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You Need to Spy On Your Competition to Succeed: Business Spying 101 Innovative entrepreneurs watch and learn from their competition. Here's how to do it inexpensively and make the most of what you learn.

By Mary Hood Edited by Micah Zimmerman

Opinions expressed by Entrepreneur contributors are their own.

When asked what advice I'd give new entrepreneurs, I always offer one suggestion: "Borrow from the competition!" When building your business, there is no need to reinvent the wheel every time. That's right; I'm telling you to be a copycat. We see it constantly in trends: one company makes a terrific play, and soon everyone else is on the field. Some competitors do what works, while others take concepts and transform them to the tune of even greater success. Can a new or climbing entrepreneur employ the same tactics as those billion-dollar companies? You bet you can.

From childhood, we're taught to do our work, and people consider their ideas personal property, especially in the United States. So, is it ethical to copycat? Don't worry. Watching your competition is not only ethical, but it's also brainy.

It's not the same as plagiarism or espionage (definitely don't do those things!). Look at it this way: if your neighbor covers their flowers to protect them from frost, and you do the same, you're not stealing their idea. You're observing behavior that will save your flowers and choosing to employ it.

Related: 3 Reasons You Should Spy on Your Competition

Start with real-world customer experience

There's more to learning from your competitors than doing what they do and hoping for the best. In fact, there is an entire industry around business "spying" — or Competitor Analysis — which includes sophisticated software tracking that goes deep-diving into the public domain SEO, website and social media information of your competitors. You might not have the resources for this intensive monitoring when you're new in the business game. Luckily, there are easy and inexpensive alternatives:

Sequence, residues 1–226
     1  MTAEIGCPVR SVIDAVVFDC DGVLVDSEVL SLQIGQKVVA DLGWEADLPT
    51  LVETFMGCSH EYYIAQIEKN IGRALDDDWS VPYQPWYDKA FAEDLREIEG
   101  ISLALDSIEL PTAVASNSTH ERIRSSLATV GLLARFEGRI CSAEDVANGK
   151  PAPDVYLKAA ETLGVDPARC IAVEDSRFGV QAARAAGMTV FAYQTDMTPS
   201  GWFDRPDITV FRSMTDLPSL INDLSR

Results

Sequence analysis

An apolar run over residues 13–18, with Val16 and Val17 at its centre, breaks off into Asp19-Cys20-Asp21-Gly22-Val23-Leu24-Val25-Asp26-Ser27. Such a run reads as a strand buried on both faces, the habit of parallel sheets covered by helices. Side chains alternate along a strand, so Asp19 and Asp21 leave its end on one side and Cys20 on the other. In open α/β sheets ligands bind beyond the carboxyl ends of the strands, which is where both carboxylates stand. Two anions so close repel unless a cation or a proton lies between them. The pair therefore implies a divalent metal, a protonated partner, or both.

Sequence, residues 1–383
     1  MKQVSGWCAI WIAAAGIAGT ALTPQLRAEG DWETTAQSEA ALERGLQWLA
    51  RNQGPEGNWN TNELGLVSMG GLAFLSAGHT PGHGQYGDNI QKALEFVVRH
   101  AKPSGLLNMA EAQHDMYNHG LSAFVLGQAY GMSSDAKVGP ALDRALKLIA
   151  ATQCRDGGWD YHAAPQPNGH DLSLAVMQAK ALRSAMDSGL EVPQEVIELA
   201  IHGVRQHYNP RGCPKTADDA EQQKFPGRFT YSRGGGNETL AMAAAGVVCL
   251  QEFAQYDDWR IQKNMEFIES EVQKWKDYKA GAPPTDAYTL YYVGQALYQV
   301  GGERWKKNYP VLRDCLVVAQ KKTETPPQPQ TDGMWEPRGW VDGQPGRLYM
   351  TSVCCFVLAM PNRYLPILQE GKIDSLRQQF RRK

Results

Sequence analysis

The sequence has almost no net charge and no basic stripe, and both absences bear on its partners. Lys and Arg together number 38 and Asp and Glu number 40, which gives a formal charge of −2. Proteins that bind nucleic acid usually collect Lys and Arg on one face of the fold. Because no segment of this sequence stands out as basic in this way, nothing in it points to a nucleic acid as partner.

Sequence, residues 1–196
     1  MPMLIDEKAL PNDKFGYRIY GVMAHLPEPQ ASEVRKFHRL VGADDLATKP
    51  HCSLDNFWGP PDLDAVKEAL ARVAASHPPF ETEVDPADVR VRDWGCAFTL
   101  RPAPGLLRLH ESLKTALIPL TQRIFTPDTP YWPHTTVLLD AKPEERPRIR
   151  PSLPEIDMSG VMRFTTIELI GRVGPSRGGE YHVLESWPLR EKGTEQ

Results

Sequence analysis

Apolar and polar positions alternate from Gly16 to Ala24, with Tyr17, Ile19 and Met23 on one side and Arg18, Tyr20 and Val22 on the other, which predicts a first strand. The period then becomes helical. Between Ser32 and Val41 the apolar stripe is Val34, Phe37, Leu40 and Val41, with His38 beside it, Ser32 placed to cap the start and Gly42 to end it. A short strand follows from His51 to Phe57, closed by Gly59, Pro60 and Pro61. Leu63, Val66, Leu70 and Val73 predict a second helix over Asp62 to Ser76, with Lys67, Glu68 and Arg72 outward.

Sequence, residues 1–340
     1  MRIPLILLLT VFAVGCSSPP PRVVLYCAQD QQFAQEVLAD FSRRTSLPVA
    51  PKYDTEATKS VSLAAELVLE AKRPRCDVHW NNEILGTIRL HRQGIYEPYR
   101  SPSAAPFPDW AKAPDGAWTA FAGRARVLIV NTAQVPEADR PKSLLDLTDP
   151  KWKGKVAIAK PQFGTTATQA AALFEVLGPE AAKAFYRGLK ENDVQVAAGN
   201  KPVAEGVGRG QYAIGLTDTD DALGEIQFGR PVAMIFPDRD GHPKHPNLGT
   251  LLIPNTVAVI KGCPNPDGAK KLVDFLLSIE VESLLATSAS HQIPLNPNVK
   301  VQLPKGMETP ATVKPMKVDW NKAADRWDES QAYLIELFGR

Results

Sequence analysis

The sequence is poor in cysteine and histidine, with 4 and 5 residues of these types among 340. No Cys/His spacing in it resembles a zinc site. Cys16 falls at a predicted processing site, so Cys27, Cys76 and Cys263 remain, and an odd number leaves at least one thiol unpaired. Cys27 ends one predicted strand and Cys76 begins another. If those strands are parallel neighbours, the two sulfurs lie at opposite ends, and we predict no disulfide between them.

• Buy and try your competitors' products or services. Don't worry about contributing to their sales; learning what's happening is worth it. Investigate the websites, products and policies of your competitors and your own — and if the results hurt, take a deep breath and seize the opportunity to learn from your mistakes.
  • Find out what it's like to be their customer. I hope that, as an entrepreneur, you pay careful attention to your buying experiences to learn what drives you crazy (phone trees, canceled appointments, unpredictable service, anyone?) or what you love (beautiful packaging, no-questions-asked returns, easy checkout). Go through the customer experience with your competitors to see if they fall into any of these traps or how they sidestep the worst of it. Learn about their guarantees and their return policy. Navigate their checkout process, noting what kinds of payment methods they offer their customers. See if they use any techniques that you've missed, such as bundling or cross-selling.
  • Use their website. Compare their site's impact, ease of use, stylishness, FAQ, interactivity and personality — or lack thereof — to your own.
  • Join their mailing list. If your competitor has a newsletter or website, join it discreetly (i.e., don't use your personal or business name!) and see what kind of content they offer.
  • Set up a Google Alert to notify you of everything published daily regarding certain keywords you request. This will let you know when your competitors are making a move or launching a product.